Proportionate liability - Remembering that a plaintiff should not be ‘over compensated’, where settlement has occurred in favour of one or more concurrent wrongdoers, evidence of the nature of the settlement should be before the court if a defendant wishes to argue that the fact of the settlement should reduce their potential exposure to the plaintiff. 

Costs - Like all litigation, focus on the winnable issues in dispute. By narrowing the issues, your prospects of a full recovery of costs even in the event of success on one or more grounds of appeal.


1 Allianz Australia Insurance Ltd.
2 Owners of Strata Plan No 30791 v Southern Cross Constructions (ACT) Pty Ltd (in liquidation) [2020] NSWCA 199 [117] ('liability judgment').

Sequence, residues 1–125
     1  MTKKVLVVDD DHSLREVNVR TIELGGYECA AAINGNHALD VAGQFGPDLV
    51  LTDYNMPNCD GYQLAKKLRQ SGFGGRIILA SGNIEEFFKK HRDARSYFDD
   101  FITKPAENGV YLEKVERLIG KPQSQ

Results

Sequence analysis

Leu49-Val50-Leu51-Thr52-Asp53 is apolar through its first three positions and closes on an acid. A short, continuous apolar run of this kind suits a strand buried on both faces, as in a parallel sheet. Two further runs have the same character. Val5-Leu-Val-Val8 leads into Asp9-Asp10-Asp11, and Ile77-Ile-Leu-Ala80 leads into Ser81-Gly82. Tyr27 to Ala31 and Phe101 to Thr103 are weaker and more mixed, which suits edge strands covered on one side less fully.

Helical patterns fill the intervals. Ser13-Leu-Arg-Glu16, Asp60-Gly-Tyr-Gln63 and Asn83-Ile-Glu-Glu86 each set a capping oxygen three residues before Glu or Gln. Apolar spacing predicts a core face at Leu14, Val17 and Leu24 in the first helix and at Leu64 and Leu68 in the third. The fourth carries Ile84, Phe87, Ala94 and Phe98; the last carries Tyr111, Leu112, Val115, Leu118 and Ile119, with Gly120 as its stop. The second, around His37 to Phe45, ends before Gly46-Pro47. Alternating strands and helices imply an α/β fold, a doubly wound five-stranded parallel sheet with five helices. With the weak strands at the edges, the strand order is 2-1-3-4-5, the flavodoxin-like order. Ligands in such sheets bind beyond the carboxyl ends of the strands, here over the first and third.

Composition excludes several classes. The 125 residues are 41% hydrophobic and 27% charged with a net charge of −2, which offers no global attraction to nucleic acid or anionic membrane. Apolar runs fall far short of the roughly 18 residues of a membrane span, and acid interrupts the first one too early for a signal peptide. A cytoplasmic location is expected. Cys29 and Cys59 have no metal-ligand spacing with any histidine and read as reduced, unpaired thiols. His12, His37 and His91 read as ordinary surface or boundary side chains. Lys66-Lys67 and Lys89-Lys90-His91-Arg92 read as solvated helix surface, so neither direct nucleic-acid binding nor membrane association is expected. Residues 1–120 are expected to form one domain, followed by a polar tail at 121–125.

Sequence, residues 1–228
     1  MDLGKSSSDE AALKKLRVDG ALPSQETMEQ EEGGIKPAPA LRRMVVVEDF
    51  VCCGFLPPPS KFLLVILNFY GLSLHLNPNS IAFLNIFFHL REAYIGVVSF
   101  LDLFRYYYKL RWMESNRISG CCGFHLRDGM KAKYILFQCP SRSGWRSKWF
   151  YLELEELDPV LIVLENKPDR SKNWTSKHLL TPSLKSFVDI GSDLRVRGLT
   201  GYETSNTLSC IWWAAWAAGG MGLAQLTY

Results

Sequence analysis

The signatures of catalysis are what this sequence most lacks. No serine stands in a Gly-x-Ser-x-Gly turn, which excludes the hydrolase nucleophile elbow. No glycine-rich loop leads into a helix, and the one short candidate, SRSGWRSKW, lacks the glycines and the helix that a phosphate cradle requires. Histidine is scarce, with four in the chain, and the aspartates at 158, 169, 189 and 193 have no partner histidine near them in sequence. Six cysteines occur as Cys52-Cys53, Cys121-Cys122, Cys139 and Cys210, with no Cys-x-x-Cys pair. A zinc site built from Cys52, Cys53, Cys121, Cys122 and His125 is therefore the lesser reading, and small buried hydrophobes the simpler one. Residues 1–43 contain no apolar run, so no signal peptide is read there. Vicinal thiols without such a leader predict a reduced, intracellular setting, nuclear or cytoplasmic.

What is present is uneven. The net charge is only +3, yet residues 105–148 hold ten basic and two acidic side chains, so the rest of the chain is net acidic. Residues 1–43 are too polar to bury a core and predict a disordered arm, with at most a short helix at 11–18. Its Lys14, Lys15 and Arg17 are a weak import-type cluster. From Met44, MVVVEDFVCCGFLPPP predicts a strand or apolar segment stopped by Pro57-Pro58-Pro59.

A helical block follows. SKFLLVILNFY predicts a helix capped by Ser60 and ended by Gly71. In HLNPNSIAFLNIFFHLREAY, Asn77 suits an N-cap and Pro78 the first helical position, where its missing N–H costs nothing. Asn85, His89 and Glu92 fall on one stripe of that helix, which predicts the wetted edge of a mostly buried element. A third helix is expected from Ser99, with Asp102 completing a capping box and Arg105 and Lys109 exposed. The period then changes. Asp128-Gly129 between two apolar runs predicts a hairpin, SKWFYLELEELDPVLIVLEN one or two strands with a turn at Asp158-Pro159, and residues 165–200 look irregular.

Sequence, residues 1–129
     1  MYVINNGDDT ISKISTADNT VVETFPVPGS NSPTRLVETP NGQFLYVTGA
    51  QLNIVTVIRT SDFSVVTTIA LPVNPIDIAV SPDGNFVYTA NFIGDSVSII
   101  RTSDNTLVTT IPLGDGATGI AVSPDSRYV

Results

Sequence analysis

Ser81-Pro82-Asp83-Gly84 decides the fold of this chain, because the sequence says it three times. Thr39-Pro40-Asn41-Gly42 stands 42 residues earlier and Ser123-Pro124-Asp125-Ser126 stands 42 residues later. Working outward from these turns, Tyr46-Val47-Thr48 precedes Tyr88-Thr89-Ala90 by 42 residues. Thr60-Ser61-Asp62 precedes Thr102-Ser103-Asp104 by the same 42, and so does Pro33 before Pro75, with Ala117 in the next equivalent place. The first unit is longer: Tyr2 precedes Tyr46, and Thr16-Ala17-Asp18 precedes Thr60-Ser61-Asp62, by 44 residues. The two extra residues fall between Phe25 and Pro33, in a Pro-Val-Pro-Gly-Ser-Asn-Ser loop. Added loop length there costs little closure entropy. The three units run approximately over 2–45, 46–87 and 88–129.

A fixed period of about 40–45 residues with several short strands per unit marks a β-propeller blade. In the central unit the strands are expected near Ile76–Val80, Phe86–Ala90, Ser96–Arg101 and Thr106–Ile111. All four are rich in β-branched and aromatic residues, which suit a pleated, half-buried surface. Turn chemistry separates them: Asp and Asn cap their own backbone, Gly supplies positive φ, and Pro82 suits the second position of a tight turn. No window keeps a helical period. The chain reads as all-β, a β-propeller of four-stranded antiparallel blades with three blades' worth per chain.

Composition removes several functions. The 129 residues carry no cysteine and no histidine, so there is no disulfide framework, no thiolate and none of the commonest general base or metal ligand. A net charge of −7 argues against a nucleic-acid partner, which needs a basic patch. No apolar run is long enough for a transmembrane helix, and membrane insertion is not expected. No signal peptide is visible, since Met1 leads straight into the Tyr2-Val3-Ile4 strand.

3 Liability judgment (n 2) [118].
4 Liability judgment (n 2) [193]–[199]; Owners of Strata Plan No 30791 v Southern Cross Constructions (ACT) Pty Ltd (in liq) No 2) [2021] NSWCA 35 [7] ('proportionate liability and costs judgment') .
5 Liability judgment (n 2) [231]–[276].
6 Proportionate liability and costs judgment (n 4) [14].
7 Proportionate liability and costs judgment (n 4) [29].
8 Proportionate liability and costs judgment (n 4) [33].
9 Proportionate liability and costs judgment (n 4) [48].

This article may provide CPD/CLE/CIP points through your relevant industry organisation.

The material contained in this publication is in the nature of general comment only, and neither purports nor is intended to be advice on any particular matter. No reader should act on the basis of any matter contained in this publication without considering, and if necessary, taking appropriate professional advice upon their own particular circumstances.